Study database tribulations stunt trial timelines

By Melissa Fassbender contact

- Last updated on GMT

(Image: Getty/serggn)
(Image: Getty/serggn)
Clinical study database challenges are delaying clinical trial timelines as CROs and sponsors must manage an increasing variety of trial data, according to a recent study.

The 2017 eClinical Landscape Study from Tufts Center for the Study of Drug Development found that companies take an average 68 days to build and release a clinical study database, a timeline that has a correlation to the downstream process.

The standard timeline to get a study operational is 60 days, but the industry on average is not hitting that milestone, and this is causing further delays in data entry and database lock​,” Richard Young, VP of Veeva Vault EDC told Outsourcing-Pharma.com.

The biggest surprise is that timelines for data management activities take just as long today as they did when I started in data management almost 25 years ago​,” added Young.

Types vs Volume of Data Tuft_Veeva EDC Research

According to the report, delays in releasing the study database are associated with an increase of nearly a month downstream for other data management processes.

Several reasons were cited as the causes for clinical database build delays, with protocol changes cited most by 45% of respondents.

Additionally, more than three-quarters (77%) of the survey respondents said they have issues loading data into their electronic data capture (EDC) application and 66% said EDC system or integration issues are the primary reasons they are unable to load study data.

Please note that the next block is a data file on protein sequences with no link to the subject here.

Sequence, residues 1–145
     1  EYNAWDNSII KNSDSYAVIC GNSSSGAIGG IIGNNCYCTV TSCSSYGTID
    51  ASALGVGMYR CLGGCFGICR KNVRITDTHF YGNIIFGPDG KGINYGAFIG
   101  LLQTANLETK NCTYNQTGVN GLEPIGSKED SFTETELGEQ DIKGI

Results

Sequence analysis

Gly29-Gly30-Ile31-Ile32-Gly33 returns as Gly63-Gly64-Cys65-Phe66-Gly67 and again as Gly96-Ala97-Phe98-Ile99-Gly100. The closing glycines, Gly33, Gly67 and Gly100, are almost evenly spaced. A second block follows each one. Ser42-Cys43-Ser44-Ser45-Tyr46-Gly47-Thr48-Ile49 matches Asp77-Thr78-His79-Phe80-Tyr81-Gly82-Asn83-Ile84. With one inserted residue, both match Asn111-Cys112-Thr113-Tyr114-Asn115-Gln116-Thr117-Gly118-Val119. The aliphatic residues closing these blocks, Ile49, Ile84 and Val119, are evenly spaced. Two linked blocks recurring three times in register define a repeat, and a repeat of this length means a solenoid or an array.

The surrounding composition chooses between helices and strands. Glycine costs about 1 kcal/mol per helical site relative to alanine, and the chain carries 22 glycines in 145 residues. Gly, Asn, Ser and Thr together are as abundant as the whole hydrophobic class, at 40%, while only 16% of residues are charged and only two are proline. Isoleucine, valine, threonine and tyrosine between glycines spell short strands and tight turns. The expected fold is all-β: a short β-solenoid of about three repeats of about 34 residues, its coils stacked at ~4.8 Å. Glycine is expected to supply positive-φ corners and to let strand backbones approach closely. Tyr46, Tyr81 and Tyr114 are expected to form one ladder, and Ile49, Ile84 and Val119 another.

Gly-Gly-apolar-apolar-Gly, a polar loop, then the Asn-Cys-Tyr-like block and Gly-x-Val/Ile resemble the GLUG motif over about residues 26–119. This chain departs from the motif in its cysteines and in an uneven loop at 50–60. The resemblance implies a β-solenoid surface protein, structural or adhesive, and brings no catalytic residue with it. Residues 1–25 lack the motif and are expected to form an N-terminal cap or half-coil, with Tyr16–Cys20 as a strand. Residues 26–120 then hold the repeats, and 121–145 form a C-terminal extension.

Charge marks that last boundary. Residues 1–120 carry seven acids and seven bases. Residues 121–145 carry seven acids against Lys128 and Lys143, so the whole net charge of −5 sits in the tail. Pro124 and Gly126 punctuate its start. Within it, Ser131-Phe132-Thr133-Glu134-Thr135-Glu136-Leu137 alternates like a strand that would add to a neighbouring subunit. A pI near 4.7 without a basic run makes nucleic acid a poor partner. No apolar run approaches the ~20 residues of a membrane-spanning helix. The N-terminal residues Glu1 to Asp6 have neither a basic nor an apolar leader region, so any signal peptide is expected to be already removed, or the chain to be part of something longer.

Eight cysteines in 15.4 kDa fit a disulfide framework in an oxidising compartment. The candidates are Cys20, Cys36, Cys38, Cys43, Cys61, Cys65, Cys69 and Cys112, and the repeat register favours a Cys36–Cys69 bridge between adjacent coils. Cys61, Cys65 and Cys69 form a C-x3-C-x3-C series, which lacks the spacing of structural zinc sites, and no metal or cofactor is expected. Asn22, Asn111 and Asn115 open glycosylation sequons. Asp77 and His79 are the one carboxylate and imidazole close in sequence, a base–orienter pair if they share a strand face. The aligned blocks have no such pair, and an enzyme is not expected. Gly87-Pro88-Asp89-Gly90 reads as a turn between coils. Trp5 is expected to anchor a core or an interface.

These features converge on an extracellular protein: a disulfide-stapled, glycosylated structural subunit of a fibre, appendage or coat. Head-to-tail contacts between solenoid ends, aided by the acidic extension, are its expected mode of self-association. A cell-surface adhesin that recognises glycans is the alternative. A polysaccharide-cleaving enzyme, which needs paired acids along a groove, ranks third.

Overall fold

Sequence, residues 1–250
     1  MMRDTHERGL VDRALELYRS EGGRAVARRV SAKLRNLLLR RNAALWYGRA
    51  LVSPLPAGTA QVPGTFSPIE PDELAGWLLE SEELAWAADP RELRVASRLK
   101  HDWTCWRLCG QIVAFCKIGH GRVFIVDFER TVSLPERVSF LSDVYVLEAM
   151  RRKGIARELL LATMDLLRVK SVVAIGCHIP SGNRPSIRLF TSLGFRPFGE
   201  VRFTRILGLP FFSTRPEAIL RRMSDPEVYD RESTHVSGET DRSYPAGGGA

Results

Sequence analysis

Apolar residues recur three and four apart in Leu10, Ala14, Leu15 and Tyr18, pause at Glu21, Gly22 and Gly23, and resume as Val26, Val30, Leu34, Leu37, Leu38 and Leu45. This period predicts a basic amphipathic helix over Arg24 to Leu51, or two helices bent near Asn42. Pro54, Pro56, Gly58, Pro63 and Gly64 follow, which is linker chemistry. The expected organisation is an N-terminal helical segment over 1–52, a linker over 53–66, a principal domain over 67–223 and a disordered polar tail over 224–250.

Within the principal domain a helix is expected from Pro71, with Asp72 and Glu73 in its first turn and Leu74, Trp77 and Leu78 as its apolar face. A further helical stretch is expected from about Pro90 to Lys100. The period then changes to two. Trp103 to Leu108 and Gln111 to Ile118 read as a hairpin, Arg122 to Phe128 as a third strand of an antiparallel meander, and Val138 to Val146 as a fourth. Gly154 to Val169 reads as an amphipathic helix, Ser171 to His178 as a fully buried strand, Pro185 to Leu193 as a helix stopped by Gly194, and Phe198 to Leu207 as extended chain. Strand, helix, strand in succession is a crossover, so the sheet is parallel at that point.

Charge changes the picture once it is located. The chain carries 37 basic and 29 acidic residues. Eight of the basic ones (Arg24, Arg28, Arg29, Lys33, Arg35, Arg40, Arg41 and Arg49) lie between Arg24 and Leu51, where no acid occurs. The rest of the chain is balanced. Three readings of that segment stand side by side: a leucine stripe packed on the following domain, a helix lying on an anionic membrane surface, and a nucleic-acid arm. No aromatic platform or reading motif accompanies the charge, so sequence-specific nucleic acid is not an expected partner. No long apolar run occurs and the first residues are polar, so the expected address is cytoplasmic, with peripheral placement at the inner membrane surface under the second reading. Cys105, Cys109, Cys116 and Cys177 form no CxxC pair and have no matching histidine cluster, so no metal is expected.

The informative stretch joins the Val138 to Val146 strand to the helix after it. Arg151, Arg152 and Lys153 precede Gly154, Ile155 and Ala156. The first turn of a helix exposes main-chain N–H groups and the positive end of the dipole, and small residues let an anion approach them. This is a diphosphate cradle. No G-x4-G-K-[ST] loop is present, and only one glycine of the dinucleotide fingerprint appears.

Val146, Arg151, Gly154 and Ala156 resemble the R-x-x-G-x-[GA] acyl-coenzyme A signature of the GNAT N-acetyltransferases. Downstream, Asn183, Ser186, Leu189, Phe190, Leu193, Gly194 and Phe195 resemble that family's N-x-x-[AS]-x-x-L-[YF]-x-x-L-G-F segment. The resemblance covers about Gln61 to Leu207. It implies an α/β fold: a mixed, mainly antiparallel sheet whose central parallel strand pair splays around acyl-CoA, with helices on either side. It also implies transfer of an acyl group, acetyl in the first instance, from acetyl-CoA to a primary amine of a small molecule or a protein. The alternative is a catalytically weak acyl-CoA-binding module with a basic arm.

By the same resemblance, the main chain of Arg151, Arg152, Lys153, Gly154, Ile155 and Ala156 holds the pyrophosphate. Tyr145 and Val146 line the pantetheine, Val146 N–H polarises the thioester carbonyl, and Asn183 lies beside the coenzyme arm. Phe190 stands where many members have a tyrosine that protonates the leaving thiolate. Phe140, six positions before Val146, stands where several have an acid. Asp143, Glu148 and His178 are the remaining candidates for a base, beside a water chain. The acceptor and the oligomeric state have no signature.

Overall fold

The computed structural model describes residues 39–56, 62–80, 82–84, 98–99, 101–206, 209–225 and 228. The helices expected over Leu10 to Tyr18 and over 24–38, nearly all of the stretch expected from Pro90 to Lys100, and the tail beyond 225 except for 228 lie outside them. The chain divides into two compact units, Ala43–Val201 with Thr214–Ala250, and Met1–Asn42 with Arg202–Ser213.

Clinical trials are growing in complexity, and data management processes will only get more complicated as CROs and sponsors manage an increasing variety of clinical trial data​,” said Young.  “Data is highly fragmented and managed in siloes as a result of technology limitations. As study designs become even more complex, data management will play a critical role in trial success​.”

The study also found that sponsors take approximately 40% longer than contract research organizations (CROs) to build the database (73 vs. 53 days) and to get to database lock (39 vs. 28 days).

Reducing the time it takes to build and release the clinical database can have a positive impact on subsequent trial timelines and, ultimately, lead to developing treatments more quickly, effectively, and safely​,” added Young. “It is clear that a modern approach is needed in clinical data management​.” 

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